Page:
Radiologist finds potential in FIESTA for noncontrast renal artery MRA

May 9, 2008

Noncontrast, flow-dependent FIESTA offers a safe and effective alternative to gadolinium-enhanced MR angiography for renal artery evaluations, according to a study from Japan presented on Thursday.

A noncontrast, flow-dependent FIESTA sequence offers a safe and effective alternative to gadolinium-enhanced MR angiography for renal artery evaluations.

That conclusion, drawn from a Japanese study of 63 patients with suspected renal tumors, should come as good news to physicians who are making treatment decisions for patients with severely compromised renal function. Such patients comprise nearly all of the roughly 500 patients with confirmed or suspected nephrogenic systemic fibrosis, a devastating skin disease associated with exposure to gadolinium-based MR contrast media.

Dr. Takayuki Masui, a radiologist at Seirei Hamamatsu General Hospital in Hamamatsu, presented results at the 2008 ISMRM meeting suggesting that images produced with noncontrast FIESTA MRA with a flow-preparation pulse (Flow-Prep) are clinically equivalent to images produced with conventional gadolinium-enhanced 3D gradient-echo imaging.

Imaging was performed on a 1.5T GE scanner with an eight-channel, phased-array body coil to identify the number and location of renal arteries. The exams aided planning of renal tumor surgery.

Noncontrast MRA was obtained in two steps. ECG-gated, axial 2D phased-contrast cine MRI of the aorta was acquired above the renal arteries during a 15-second breath-hold. Aortic peak-flow velocity and its delay time after the R-wave on the electrocardiogram were then measured. Masui followed with a respiration-triggered, ECG-gated, Flow-Prep 3D FIESTA sequence, obtained in the coronal plane. Total imaging times ranged from 2.5 to four minutes.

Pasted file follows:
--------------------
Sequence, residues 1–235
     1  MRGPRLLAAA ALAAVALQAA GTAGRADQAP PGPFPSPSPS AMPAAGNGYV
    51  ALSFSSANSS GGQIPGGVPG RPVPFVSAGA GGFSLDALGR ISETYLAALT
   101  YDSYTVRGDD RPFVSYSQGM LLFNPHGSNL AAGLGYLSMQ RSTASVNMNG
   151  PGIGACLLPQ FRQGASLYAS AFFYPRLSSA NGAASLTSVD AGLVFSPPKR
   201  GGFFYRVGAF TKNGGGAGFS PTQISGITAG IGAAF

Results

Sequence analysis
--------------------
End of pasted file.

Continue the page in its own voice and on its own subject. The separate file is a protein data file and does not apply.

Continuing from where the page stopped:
Two radiologists subjectively evaluated the images from the noncontrast and contrast approaches. Assessments were based on a five-point scale. Evaluations were repeated for the ability to recognize anatomy at two points along the aorta and at five levels for the renal arteries.

Four noncontrast FIESTA studies were judged nondiagnostic because of ECG failure. Otherwise, the noncontrast and contrast approaches showed nearly the same overall image quality and resistance to artifacts, Masui said.

Both techniques consistently recognized the aorta from the diaphragm to the bifurcation. Noncontrast and contrast MRA recognized the same number of renal arteries in 59 of 63 patients. No differences were seen in the ability to characterize the proximal to mid renal arteries.

Noncontrast MRA rendered a better depiction of the peripheral renal arteries than contrast-enhanced MRA, but overlaps of veins and soft tissues were easier to discriminate with the contrast-enhanced approach.

In response to a question, Masui admitted that FIESTA is flow-dependent and would not be well-suited for imaging vessels involving varying flow, such as the carotid arteries.

Besides eliminating any risk of side effects to contrast agents, one of the advantages of noncontrast MRA is the feasibility of repeated administration - even within a single study - with different parameters to optimize image quality, according to Masui.

"Noncontrast MRA using Flow-Prep FIESTA with successfully triggered ECG gating can be used for the examination of the renal arteries," he said.

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